Unlike children who are placed in learning environments by their caregivers, adults are generally motivated to learn by internal and intrinsic forces like bettering their salary or improving their skills for a future aspiration. Companies with successful adult learning programs know this, and because they take the time to provide learning that is valuable to their employees, they also see positive results in their workplaces.
Ultimately, when your learning content has a higher perceived value, it will generate more interest and overall commitment to the learning process. What was once a lackluster job training has the potential to become an engaging experience, leading to higher employee performance and job retention. Learners need to understand what’s in it for them.
2. Adult learning requires drawing from lived experience
Children are often approached with a curriculum as if their brains are completely empty, waiting to be filled with information.
This may work to teach a child their ABCs, but adults are not like children. Adult learners are not blank slates—their minds are already full of preconceived ideas, personal values, and years of lived experience. From a brain-science perspective, your adult learning strategy should be tasked with connecting your curriculum with the ideas and knowledge they already have. In other words, learning should meet people where they are.
When adults are provided with content that connects directly to their lives, you will see learning move from being a transfer of knowledge to a conversation between teachers and students. This way of learning is more dynamic and produces better long-term retention.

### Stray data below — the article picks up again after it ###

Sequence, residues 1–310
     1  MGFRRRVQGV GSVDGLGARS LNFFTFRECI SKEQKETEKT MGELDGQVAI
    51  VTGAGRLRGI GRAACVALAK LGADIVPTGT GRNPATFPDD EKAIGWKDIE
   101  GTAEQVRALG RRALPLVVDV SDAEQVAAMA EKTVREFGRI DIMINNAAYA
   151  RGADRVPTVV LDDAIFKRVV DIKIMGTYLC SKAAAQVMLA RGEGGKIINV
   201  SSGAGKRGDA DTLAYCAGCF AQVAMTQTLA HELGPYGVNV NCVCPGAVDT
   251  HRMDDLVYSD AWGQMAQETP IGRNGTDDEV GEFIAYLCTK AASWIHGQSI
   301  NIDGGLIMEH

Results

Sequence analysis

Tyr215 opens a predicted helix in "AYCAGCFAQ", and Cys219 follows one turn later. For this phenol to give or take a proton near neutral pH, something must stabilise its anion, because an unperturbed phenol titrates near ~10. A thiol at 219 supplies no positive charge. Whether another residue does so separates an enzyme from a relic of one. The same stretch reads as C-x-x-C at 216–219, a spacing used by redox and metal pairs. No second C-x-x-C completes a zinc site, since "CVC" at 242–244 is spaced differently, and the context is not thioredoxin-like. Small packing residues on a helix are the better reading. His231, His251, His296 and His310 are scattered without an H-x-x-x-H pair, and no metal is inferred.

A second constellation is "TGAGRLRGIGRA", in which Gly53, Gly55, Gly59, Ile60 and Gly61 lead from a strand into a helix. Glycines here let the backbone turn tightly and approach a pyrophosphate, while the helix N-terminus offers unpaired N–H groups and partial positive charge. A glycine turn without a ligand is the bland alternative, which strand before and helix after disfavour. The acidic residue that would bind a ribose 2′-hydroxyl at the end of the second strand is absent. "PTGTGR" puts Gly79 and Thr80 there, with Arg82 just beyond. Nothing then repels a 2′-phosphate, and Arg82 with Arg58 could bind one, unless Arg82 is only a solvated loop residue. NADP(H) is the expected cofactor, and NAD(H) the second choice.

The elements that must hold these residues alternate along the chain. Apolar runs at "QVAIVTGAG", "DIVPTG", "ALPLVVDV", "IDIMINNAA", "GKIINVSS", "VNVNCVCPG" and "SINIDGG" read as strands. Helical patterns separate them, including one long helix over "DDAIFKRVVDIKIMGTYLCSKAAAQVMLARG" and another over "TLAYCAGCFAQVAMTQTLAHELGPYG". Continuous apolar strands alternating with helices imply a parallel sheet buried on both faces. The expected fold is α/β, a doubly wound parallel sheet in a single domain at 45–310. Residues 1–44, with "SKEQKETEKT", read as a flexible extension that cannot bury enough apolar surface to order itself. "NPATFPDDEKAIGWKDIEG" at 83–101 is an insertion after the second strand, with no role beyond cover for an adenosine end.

3. Adult learning is a form of problem-solving
Similar to our second point, adults generally don’t like learning for learning’s sake. Adults are busy and have many other priorities competing for their time. However, if you can root learning content in real problems and circumstances your students encounter, their response will be to care more. Put your learning into context and make it relevant to their day-to-day lives.
As a rule, adults don’t want to spend copious amounts of time learning a new idea if it doesn’t immediately provide value in their lives or career.
Find ways to demonstrate the return on investment to your adult learners for their time and attention, and you’ll have adults that care more and perform better as a result.
4. Adults favor self-directedness
As adults learn and grow, they move from dependence towards self-directedness. Essentially, adults have a need for ownership in the learning process, and it’s important to provide opportunities for ownership throughout your curriculums.